It’s been a while since I’ve added to my career advice and writing pages on this blog, but I recently took the time to write up another such page on a topic I had not previously covered, entitled “Write in your own voice“. The main point here is that while every piece of mathematical research inevitably builds upon the previous literature, one should not mimic the style and text of that literature slavishly, but instead develop one’s own individual style, while also updating and adapting the results and insights of previous authors.

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## 3 comments

Comments feed for this article

22 April, 2010 at 7:58 pm

YiweiHi Terry,

Well, I can not agree this more.

I also wish authors to write their work ‘in situ’. Anyway, the history is unique. I believe that looking things in an abstract way is harmful, especially abstracting without pointing out the origin.

Here is a polt in my mind.

The other day, one got an idea independently under certain situation and worked it out. There are two cases, among other things: 1) later, he found that someone else had published the ‘same’ work. So, he normally attempted to abandon (i.e. do not publish) his work. 2) later, he found that no one had published the same work; but, when he published it, he found that when other ones tried to understand his work with their own knowledge, his work was apt to be distorted more or less, say relating his work to the existing ones, and getting his work ‘derived’ from the existing ones, although it was not the case for him, and atributed the contribution to authors other than him. I call this ‘reverse plagiarism’ or ‘backward plagiarism’. I believe that it is a common experience for many authors.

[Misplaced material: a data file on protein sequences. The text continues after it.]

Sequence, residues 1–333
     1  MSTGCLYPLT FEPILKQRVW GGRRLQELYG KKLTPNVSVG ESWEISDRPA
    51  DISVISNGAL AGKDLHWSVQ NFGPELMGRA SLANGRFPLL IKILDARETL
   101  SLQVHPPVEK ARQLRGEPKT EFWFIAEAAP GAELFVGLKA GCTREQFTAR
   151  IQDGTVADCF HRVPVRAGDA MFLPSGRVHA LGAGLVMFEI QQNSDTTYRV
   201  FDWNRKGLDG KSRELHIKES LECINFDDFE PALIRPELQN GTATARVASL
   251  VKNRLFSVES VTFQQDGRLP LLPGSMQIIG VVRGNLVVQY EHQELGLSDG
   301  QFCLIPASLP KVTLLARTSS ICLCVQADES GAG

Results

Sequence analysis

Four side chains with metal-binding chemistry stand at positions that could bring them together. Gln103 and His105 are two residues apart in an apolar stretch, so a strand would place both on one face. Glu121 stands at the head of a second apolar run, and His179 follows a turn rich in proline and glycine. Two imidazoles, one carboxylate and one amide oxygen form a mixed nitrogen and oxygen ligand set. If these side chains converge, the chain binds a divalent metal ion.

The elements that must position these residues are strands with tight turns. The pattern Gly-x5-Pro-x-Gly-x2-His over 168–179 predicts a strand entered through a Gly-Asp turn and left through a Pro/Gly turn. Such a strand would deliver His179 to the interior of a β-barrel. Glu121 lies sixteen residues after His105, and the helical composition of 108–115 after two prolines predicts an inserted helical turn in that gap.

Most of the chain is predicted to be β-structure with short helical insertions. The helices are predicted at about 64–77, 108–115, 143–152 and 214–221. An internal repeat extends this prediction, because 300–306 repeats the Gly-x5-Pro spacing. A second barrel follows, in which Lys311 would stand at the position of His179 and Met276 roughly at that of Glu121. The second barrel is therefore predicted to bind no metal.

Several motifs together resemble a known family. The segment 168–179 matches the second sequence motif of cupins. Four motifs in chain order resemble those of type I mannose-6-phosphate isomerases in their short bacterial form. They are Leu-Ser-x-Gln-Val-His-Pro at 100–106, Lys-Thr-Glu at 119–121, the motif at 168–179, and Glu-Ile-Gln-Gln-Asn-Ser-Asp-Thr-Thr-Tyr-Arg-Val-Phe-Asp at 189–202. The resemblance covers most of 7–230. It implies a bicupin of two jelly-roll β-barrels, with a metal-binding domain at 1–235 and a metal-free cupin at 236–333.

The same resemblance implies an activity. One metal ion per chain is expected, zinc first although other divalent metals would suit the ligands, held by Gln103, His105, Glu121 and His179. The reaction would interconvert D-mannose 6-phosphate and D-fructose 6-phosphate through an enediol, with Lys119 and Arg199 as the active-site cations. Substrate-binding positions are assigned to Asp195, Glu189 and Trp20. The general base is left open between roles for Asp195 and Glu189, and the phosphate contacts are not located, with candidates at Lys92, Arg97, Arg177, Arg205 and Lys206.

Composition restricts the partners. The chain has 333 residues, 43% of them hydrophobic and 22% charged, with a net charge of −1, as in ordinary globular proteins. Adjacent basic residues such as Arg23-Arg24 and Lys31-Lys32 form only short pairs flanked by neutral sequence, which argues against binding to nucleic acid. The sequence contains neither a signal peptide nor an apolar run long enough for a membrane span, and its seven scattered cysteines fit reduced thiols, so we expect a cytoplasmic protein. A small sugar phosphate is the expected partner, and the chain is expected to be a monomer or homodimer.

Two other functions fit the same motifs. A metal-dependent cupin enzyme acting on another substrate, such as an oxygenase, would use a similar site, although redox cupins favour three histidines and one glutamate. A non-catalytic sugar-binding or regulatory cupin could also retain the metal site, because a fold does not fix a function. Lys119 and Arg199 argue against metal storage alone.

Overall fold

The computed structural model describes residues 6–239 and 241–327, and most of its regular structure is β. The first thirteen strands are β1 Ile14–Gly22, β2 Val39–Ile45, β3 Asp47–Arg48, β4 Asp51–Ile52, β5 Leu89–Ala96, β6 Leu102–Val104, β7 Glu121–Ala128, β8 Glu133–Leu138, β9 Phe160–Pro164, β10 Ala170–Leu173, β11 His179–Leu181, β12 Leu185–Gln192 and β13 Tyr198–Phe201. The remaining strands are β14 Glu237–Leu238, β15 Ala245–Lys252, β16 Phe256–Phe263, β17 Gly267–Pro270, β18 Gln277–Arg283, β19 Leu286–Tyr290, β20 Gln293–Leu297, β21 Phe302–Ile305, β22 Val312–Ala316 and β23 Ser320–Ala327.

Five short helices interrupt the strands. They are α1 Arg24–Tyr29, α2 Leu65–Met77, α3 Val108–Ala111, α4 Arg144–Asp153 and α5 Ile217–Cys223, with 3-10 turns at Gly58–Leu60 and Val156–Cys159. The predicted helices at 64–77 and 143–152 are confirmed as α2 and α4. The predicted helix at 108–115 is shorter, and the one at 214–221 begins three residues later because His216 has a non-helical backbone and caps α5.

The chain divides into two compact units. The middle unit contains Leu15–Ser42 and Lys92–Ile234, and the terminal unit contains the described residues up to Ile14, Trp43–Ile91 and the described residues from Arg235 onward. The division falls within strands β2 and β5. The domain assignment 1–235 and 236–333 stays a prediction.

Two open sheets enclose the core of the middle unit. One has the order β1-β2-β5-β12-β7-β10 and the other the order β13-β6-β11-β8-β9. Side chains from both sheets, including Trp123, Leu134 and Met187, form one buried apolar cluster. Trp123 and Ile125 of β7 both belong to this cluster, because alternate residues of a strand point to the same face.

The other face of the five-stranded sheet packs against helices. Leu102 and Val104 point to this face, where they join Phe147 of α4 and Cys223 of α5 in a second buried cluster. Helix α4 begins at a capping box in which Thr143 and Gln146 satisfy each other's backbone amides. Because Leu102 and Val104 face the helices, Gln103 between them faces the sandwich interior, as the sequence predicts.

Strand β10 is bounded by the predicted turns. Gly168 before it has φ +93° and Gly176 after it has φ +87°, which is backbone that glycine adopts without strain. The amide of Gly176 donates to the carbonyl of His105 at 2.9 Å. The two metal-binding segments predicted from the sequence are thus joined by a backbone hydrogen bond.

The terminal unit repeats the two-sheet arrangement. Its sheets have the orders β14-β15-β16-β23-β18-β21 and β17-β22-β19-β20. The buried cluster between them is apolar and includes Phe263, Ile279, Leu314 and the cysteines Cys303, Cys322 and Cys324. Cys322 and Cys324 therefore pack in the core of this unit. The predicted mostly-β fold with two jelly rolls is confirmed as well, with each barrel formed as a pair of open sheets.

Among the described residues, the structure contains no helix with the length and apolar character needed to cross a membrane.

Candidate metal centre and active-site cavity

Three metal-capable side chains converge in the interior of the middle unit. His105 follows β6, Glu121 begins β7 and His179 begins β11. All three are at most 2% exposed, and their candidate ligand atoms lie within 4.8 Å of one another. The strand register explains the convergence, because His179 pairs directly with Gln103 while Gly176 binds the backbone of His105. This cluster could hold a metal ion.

So, if the authors are allowed to write their work ‘in situ’, such ‘reverse plagiarism’ may be avoided.

Yiwei

23 April, 2010 at 8:15 am

AnonymousThose who write in polished and understated British style English, a style no one owns, will tend to sound alike, but vast and obvious differences in substance will remain. Moreover, people can tell the difference between Elvis and an Elvis impersonator. So don’t worry.

23 April, 2010 at 2:17 pm

Kareem CarrThis is somewhat tangential but falls under the general category of individual style in mathematical writing:

http://mathoverflow.net/questions/22299/what-are-some-examples-of-colorful-language-in-serious-mathematics-papers